Marketing Budgets: Action vs. Planning

Top Quote When working with a limited marketing budget, should small businesses and start-ups spend more on developing a formal marketing plan or taking action to reach potential customers? End Quote
    QuoteWe recommend developing a marketing plan in a less formal way in order to stretch the marketing budget of small businesses and start-ups.Quote
  • (1888PressRelease) November 13, 2015 - SAN DIEGO − Small business and start-up owners frequently ask the team at to develop their marketing plan. Developing a formal marketing plan for businesses is what is taught in business school, seminars, online...well, everywhere. Depending upon the budget and goals, the reality is that developing a formal marketing plan may not be the best option for each and every business.

    Managing Partner Kim Beales explained, "More often than not, after we discuss the goals and the initial marketing budget with a business owner, we recommend that they hold off on investing in a formal marketing plan and, instead, we do it in a less formal way in order to stretch their marketing budget."

    The process starts by having a conversation in which the target audience, past marketing initiatives (if any), short and long term goals, etc. are discussed. Then, the team at develops an action plan to test. Once the testing is complete, they are able to determine what is getting the client the best return on their investment (R.O.I.) and expand on those marketing initiatives.

    Here's logic behind taking action to reach potential customers vs. developing a formal marketing plan when working with a limited budget:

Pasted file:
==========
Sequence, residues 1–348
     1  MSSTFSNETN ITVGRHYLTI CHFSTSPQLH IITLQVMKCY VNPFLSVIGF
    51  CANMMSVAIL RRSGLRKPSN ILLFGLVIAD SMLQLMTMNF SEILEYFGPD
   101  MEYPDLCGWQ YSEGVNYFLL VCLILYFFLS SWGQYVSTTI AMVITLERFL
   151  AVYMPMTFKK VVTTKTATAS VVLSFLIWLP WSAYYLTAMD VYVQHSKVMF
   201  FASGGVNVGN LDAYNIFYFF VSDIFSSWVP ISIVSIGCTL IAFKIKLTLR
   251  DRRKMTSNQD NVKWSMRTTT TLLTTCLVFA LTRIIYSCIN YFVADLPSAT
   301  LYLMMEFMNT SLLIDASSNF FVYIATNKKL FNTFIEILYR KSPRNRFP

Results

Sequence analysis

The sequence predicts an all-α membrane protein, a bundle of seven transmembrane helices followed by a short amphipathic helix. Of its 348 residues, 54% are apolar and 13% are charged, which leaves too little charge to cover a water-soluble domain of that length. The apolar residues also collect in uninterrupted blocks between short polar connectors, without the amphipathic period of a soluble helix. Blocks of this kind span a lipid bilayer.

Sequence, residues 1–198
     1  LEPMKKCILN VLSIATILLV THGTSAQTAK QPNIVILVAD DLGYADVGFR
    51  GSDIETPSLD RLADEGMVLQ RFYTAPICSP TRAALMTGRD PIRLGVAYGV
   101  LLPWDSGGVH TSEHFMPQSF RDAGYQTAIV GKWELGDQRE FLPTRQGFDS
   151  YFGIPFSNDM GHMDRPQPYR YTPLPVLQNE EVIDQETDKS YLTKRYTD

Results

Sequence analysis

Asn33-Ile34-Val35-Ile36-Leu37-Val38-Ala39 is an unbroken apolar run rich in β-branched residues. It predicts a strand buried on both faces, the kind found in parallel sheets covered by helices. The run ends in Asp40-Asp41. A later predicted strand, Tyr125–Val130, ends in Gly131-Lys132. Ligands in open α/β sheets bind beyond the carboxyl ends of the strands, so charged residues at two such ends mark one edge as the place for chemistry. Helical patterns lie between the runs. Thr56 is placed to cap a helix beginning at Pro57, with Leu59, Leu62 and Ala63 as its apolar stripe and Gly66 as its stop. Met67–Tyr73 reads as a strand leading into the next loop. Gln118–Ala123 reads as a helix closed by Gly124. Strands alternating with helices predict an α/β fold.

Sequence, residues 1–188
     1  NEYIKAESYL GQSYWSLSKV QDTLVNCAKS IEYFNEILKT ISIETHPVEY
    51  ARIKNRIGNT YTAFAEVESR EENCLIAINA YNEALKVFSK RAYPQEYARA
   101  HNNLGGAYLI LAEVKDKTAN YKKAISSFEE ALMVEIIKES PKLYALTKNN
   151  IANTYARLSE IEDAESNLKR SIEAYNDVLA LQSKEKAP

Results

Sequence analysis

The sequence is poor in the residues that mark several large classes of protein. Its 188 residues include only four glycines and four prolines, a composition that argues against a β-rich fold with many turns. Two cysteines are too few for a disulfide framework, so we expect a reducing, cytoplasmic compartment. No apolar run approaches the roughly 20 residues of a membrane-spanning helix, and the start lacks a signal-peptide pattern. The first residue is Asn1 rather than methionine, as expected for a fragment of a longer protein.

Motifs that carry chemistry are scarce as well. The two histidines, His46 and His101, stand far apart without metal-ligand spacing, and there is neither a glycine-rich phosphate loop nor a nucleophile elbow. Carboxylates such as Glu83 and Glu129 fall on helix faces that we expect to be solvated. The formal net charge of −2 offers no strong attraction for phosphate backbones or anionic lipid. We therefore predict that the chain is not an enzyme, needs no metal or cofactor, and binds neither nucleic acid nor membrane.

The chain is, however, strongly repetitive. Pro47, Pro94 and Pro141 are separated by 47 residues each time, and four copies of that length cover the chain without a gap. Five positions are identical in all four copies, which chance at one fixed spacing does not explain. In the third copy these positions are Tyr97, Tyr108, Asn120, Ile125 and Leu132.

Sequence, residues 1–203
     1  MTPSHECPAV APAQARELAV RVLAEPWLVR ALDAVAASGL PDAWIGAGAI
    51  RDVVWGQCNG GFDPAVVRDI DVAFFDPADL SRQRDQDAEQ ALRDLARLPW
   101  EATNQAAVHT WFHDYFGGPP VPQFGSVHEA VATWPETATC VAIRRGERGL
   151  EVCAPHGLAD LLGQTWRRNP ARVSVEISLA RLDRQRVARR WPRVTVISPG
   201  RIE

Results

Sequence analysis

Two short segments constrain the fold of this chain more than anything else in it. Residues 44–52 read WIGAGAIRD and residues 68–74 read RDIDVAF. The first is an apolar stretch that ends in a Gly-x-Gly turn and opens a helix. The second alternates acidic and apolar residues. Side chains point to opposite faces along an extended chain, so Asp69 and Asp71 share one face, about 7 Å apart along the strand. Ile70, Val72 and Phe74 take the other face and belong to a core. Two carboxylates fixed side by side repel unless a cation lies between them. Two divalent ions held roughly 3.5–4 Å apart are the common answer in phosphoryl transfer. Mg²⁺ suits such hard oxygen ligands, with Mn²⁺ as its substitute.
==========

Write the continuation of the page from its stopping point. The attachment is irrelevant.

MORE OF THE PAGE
If a small business has a budget of $2,500 for a marketing push and charges a minimum of $525 for a marketing plan, then 20 percent of their budget is spent before they even touch the first potential customer. If, instead, the marketing team spends an hour discussing and planning how to do the push (after two decades in the marketing field, they can usually create a $2,500 plan quickly), only $75 is used. Then, the other $450 can be used to actually reach their potential customers.

    What can a small business and start-up get for $450? Well, for example: a press release written ($150); post that press release to their website or blog, Twitter, LinkedIn AND Facebook ($25); have an email written, designed and sent out to potential clients ($270); and still have $5 left over for a latté. Then, they have the other $2,000 to invest in social media, online advertising, PR, grassroots marketing, traditional marketing, direct mail, sales sheets, brochures, website development...whatever marketing that will help move their business forward.

    "Sometimes, a less traditional approach can be a better approach for a small business or start-up," concluded Beales. "Each business is unique and their marketing approach should be tailored for them."

    Learn more at

    About us: As full service marketing agency providing online marketing, traditional marketing, grassroots marketing and PR, the company has divisions that specialize in small-to-medium size businesses as well as government agencies (; authors and publishers (; and nonprofits and unions ( For a free 20 minute consultation, contact us at Marketing ( @ ) SaintSomewhereMarketing dot com.

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